Sheli Steele3

This issue, “10 Questions” checks in with Sheli Steele, advertising manager for the twice-weekly Craig Press. Formerly the Craig Daily Press, the publication has reinvented itself to adapt to changes in both its community and the newspaper industry.

In her spare time, Steele spends time with her three daughters. Reina, 13, is active in student council, drama and National Junior Honor Society. Jaidyn, 16, plays volleyball and basketball, and participates in track & field at Moffat County High School. Gabbi, 23, began working at The Denver Post this month and will graduate from the University of Phoenix next July. Here’s Sheli’s take on her life and advertising in northwest Colorado.


A family portrait of Jaidyn, Gabbi and Reina with Sheli.

1 – You went to Moffat County High School in Craig, and say you consider yourself to be a Craig native since you’ve resided there for 30 years. Does that mean you’ve also lived elsewhere?

After I graduated high school, I went to Western State College in Gunnison for two years. After two years in Gunnison I moved to Grand Junction to attend Mesa State College. I lived in Grand Junction for two years. Grand Junction is a fantastic place to live but after the birth of my oldest daughter, Gabriella, I moved back to Craig to be closer to family. I married in 2000 and moved to Maybell, Colo., where we added two more daughters to our family. In 2008, we moved back to Craig to be closer to schools and activities for our children.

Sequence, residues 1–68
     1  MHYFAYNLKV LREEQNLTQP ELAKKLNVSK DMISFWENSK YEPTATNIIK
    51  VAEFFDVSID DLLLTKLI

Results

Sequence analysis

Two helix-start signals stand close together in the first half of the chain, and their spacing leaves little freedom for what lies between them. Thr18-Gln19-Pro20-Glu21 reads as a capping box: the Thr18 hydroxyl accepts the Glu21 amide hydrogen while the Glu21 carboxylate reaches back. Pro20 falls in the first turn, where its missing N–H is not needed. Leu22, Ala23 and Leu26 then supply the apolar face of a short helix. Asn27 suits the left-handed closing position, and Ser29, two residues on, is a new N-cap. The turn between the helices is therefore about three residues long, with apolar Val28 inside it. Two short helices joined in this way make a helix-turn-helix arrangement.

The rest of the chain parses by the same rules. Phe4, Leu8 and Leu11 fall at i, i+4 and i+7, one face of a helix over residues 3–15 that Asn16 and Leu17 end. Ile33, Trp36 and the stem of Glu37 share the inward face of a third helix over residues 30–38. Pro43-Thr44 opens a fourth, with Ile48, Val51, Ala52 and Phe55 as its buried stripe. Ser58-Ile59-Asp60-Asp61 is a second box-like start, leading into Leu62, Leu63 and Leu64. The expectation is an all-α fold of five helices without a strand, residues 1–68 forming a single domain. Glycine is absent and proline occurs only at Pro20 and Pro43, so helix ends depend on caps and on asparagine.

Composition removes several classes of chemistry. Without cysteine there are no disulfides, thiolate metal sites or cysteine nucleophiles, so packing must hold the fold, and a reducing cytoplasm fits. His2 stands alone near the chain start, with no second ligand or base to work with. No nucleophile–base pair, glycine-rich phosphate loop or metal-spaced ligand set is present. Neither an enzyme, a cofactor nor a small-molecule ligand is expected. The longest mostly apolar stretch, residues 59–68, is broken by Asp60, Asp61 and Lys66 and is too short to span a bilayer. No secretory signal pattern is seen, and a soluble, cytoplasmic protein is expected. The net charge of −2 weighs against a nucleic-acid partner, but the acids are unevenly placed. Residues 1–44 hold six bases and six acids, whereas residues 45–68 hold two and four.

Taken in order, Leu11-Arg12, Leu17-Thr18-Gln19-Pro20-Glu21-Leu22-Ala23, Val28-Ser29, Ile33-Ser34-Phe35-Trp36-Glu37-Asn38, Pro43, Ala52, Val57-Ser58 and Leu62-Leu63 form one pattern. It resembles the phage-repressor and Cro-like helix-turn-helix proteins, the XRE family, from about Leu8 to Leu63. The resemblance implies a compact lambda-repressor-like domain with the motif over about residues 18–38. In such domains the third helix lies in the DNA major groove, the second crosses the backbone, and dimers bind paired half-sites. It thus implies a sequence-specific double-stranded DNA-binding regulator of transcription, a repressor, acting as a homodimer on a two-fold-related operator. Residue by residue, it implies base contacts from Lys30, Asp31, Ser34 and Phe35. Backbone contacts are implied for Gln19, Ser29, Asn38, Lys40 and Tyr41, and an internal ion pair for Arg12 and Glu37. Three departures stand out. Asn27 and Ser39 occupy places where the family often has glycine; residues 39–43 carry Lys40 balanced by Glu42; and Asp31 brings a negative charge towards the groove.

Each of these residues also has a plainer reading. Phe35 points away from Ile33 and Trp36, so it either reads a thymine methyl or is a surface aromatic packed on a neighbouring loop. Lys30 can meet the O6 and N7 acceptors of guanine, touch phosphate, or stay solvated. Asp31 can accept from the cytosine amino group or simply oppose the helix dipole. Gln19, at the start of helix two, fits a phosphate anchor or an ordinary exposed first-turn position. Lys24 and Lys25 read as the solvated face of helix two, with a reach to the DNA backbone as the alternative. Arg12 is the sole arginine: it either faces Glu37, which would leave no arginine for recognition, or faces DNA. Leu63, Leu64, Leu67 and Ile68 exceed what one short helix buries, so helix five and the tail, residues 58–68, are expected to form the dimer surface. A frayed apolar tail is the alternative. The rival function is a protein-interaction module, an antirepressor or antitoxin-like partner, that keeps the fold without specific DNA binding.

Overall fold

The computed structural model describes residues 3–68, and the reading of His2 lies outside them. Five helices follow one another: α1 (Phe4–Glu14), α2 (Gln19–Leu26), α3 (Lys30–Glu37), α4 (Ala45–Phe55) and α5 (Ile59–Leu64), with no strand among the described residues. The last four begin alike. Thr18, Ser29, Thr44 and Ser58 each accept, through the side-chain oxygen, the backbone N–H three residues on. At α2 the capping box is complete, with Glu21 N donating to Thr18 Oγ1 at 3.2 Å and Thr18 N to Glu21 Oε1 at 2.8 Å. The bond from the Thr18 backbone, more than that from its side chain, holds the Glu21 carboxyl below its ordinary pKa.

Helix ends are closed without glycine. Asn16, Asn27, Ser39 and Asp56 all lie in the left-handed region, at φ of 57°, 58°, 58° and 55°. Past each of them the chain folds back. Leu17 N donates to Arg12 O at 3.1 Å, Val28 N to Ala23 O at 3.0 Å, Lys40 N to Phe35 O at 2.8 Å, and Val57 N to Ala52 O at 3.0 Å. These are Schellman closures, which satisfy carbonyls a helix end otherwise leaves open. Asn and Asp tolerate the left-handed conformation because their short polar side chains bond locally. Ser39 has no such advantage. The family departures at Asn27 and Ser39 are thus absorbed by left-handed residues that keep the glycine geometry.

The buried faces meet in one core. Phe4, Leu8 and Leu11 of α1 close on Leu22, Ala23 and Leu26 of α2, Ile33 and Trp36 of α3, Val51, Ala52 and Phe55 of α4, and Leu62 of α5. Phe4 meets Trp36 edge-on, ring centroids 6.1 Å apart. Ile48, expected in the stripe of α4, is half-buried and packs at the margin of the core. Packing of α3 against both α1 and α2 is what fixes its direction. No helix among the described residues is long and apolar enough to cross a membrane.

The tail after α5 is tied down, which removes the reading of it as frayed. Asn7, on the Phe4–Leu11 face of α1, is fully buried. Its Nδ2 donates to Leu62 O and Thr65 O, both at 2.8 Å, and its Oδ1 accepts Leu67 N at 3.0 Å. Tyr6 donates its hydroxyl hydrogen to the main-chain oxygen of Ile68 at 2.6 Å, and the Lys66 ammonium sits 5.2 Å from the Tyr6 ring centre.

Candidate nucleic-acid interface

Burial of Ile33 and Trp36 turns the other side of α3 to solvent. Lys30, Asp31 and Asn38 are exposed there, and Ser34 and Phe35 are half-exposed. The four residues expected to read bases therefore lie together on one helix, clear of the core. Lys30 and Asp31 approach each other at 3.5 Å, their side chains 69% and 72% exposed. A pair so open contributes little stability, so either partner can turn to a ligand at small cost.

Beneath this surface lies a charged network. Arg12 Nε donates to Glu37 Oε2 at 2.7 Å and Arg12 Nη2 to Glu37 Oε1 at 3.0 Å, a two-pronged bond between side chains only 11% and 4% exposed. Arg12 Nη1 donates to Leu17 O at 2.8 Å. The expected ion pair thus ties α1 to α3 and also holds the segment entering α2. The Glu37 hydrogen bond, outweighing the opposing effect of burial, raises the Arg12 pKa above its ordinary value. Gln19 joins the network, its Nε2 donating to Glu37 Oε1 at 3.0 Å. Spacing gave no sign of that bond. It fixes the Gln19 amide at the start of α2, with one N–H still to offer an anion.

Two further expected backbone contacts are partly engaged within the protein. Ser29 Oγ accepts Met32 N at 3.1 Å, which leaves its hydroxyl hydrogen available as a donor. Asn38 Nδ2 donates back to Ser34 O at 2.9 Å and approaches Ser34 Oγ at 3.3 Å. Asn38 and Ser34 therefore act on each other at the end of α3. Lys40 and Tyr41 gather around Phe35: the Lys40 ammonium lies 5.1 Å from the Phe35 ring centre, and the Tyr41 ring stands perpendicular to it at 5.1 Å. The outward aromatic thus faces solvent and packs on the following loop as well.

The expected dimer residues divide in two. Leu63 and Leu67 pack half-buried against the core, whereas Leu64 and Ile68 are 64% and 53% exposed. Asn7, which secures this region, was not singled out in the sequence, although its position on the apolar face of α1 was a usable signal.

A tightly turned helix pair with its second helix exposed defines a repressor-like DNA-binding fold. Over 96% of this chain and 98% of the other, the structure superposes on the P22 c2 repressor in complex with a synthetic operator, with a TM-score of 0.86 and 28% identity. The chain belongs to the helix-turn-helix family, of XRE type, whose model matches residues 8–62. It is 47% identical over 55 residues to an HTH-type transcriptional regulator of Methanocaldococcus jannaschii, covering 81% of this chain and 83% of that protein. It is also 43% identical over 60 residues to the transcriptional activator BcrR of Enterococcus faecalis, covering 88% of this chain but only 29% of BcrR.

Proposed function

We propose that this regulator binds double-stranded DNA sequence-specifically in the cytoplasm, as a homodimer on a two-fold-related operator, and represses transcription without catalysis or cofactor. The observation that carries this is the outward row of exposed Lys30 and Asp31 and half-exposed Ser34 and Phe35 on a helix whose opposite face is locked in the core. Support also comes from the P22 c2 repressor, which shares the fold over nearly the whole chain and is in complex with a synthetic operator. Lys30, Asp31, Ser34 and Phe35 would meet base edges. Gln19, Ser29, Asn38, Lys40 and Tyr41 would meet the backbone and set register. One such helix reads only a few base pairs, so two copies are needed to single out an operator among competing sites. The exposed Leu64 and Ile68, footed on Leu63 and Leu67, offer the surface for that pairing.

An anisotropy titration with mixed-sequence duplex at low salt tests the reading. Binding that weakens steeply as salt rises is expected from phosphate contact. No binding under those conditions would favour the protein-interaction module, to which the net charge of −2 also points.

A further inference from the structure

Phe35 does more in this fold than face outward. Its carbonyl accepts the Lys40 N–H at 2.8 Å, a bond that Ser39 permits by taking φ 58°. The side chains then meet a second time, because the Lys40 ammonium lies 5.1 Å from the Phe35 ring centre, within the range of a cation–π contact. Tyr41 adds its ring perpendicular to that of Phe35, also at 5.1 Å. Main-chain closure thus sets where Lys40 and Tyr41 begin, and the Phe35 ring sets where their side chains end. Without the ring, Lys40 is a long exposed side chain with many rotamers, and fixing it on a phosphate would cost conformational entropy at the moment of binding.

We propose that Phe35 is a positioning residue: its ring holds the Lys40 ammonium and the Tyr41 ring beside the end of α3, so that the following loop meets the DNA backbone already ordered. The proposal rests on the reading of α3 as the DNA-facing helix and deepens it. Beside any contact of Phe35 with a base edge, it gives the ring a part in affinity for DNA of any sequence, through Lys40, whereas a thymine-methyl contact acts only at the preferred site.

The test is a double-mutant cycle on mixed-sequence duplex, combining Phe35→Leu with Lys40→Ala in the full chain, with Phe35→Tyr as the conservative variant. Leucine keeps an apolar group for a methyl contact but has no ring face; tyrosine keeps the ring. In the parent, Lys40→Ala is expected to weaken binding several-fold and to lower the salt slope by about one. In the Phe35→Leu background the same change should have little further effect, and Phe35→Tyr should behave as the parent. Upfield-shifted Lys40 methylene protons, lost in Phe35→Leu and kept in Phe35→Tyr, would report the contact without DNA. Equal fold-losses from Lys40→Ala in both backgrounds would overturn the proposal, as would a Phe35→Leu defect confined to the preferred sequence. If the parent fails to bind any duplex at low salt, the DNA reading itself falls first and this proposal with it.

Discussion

2 – How did you get interested in advertising, and where did you get your start in this area?

I started at the Craig Daily Press in March 2013 out of necessity. I was in the middle of a divorce and needed a job. The advertising manager at the time took the risk and offered me a job. I never imagined I would be doing “sales” for a living but I have fallen in love with the job. I don’t view my job as a salesperson anymore, rather a problem solver. I have been fortunate to build relationships with my advertisers and enjoy helping them grow their businesses.

3 – You’ve been the advertising manager for Craig Press since March 2013. Where did you work prior to taking the job?

Before starting at the Craig Press, I was helping run our family business in Maybell, chasing after three busy daughters and maintaining our ranch in Craig.

4 – In August, Craig changed its publication schedule to two times a week, Wednesdays and Fridays, with increased circulation on both days. How did that benefit your advertisers and readership?

Originally we planned to increase our circulation to 5,000 but quickly realized we needed to further increase our circulation and are now publishing 6,500 papers on Wednesdays and Fridays. The free model has been proven to be the most effective distribution model for advertisers as it eliminates the price objection. Being free ensures an advertiser’s message has greater reach.

Across Colorado the average paid circulation newspaper reaches less than 35 percent of customers in a market. In other areas where the community newspaper has a free distribution newspaper, surveys have shown as high as 90 percent local readership.

5 – What kind of advertising and marketing vision do you and your Publisher Renee Campbell have, and what ideas have you worked on together or with your ad team?